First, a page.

ABSTRACT

Background: Radiation treatment for head and neck cancer often results in difficulty swallowing. Muscle weakness and fibrosis have been identified clinically as possible etiologies for swallowing problems following radiation. Aging may compound the effects of radiation on swallowing because radiation-induced damage to muscles and other tissues critical for the oropharyngeal swallow is overlaid on a declining sensorimotor system. However, there have been no investigations of the manner in which aging and radiation treatment effects combine to impact tongue muscles, which are critical effectors of the oropharyngeal swallow.

Methods: Thirty-seven male Fisher 344/Brown Norway rats were divided into four groups; young adults (9 month old), old (32 months old), young radiation (9 months), and old radiation (32 months old). Two fractions of 11 Gy on consecutive days was delivered by external beam radiation to the ventral side of the rat's body over the anterior portion (20 X 30 mm area) of the anterior digastric muscle. Two-way analysis of variance (ANOVA) was used to examine the effects of age and radiation and their interaction on muscle contractile properties. Post-hoc testing was completed using Fisher's least significant differences (LSD).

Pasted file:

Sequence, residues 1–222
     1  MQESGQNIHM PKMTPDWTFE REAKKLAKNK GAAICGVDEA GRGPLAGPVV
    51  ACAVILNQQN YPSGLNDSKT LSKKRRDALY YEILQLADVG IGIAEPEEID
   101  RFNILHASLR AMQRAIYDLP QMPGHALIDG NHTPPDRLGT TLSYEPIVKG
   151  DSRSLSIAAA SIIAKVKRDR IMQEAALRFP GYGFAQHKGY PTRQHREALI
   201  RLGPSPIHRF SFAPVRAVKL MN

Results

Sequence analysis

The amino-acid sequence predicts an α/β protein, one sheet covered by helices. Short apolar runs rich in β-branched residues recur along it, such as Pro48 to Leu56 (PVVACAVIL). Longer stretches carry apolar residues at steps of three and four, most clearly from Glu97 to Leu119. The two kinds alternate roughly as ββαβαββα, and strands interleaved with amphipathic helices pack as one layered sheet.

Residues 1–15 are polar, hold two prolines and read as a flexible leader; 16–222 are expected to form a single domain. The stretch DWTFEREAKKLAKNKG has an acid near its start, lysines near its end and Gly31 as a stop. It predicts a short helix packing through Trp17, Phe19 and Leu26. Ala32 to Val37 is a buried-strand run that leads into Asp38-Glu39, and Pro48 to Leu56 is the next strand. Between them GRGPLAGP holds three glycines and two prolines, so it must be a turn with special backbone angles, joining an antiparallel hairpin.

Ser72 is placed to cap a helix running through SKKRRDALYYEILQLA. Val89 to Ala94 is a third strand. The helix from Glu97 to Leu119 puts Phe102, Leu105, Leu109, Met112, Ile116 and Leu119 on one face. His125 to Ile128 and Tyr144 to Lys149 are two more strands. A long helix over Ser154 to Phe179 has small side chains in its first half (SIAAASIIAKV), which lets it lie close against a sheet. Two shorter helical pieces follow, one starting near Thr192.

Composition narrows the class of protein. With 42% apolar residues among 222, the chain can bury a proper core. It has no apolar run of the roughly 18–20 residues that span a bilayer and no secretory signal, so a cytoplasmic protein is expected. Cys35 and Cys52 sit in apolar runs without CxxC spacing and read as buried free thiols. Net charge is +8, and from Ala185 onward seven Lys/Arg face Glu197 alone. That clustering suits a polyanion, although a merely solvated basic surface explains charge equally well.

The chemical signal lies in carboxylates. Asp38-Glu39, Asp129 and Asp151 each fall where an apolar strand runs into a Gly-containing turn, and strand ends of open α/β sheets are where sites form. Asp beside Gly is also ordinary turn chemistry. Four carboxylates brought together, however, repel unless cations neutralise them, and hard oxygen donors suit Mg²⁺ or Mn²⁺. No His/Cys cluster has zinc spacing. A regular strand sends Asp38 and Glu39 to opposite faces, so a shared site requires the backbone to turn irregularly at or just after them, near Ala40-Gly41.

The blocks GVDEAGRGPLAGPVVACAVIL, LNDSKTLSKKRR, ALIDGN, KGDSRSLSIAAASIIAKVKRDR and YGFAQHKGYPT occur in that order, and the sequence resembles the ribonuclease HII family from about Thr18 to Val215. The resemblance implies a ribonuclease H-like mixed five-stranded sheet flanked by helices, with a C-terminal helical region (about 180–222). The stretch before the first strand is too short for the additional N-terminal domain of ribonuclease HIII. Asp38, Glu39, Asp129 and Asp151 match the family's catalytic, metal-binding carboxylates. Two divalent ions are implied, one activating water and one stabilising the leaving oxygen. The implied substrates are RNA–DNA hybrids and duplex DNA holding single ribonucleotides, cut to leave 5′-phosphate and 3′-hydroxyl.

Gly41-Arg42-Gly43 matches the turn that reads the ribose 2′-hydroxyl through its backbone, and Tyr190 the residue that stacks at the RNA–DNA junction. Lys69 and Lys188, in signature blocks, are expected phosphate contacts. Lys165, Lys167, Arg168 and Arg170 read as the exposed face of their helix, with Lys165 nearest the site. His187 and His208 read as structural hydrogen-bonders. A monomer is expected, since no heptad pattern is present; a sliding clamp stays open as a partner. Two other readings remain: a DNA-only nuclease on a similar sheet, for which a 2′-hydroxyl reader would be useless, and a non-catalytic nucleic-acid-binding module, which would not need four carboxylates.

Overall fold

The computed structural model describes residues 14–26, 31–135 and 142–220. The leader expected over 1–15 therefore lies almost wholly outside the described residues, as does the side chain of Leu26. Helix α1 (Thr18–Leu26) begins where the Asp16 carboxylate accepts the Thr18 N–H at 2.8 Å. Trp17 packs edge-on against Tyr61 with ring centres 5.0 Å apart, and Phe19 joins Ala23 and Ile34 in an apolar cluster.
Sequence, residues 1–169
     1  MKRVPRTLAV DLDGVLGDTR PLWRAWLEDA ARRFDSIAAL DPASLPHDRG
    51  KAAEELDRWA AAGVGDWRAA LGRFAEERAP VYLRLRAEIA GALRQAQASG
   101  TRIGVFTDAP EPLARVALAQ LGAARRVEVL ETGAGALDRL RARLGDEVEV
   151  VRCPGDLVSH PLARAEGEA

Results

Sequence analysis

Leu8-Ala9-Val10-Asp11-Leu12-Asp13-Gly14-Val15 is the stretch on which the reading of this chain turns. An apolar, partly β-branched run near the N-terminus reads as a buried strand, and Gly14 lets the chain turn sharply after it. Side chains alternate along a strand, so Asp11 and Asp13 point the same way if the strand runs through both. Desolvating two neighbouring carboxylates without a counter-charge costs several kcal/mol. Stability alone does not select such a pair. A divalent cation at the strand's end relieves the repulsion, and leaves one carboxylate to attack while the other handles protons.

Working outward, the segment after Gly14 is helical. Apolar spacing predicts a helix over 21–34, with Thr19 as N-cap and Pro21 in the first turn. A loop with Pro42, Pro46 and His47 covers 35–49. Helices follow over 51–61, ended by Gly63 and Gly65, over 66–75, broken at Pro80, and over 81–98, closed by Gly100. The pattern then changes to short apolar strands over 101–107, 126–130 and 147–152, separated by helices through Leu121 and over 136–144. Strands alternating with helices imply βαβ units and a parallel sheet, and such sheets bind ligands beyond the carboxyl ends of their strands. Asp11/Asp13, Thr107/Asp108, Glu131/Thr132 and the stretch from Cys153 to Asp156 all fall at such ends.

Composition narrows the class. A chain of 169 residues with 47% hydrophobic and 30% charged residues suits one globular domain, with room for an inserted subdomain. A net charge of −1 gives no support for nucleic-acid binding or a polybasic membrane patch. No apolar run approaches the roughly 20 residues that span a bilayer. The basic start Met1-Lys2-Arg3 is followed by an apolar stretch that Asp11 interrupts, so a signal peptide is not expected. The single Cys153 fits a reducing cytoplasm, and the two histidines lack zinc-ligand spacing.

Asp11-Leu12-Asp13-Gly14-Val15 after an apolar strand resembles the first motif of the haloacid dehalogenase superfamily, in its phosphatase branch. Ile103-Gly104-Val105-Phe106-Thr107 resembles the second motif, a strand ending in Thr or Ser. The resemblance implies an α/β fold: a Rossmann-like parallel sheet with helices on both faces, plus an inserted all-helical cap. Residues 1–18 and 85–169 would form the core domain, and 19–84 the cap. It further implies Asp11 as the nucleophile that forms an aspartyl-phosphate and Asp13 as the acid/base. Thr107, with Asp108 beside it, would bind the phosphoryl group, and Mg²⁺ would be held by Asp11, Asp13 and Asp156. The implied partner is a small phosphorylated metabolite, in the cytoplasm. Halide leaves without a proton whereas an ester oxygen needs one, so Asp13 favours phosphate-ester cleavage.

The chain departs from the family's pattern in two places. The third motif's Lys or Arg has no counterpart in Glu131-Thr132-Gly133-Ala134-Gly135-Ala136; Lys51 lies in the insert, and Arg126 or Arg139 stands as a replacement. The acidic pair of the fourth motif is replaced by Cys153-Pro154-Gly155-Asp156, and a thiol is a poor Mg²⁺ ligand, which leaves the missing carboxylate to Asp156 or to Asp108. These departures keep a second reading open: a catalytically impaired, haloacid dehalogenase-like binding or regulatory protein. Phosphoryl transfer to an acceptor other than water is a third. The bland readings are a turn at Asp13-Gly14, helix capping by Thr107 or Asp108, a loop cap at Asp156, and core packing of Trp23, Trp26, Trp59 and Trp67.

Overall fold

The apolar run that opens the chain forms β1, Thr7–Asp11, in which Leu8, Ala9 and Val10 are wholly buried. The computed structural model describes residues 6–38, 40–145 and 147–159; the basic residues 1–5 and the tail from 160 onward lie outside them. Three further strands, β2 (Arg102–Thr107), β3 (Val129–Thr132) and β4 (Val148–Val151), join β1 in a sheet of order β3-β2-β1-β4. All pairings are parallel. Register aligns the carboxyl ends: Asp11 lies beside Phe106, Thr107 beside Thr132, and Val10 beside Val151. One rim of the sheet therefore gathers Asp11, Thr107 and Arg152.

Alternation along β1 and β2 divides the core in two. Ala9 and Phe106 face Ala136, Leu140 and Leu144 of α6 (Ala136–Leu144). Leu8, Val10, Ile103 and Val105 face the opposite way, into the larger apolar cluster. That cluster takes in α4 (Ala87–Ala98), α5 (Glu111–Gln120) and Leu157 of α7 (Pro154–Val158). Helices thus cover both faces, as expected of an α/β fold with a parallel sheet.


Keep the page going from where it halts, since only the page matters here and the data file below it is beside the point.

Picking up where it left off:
Results: Radiation was associated with a significant decrease in tongue force production and reduced speed of tongue muscle contraction. However, radiation treatment did not lead to muscle atrophy and fibrosis formation in the GG muscle. Radiation treatment did not exacerbate atrophic changes observed with aging, or lead to additional fibrosis formation in the GG muscle from that observed in the other groups.

Conclusions: The purpose of this research was to determine the effect of radiation on muscles of the tongue and to determine whether aging altered the extent of radiation injury to tongue muscles. Radiation was associated with a significant decrease in tongue force production and reduced speed of tongue muscle contraction, and the reduction in the speed of tongue muscle contraction was exacerbated in the aged-rat tongue. This work provides a foundation for future investigations of treatments for concurrent effects of aging and radiation on muscles of the tongue and swallowing.

Show MeSH
Related in: MedlinePlus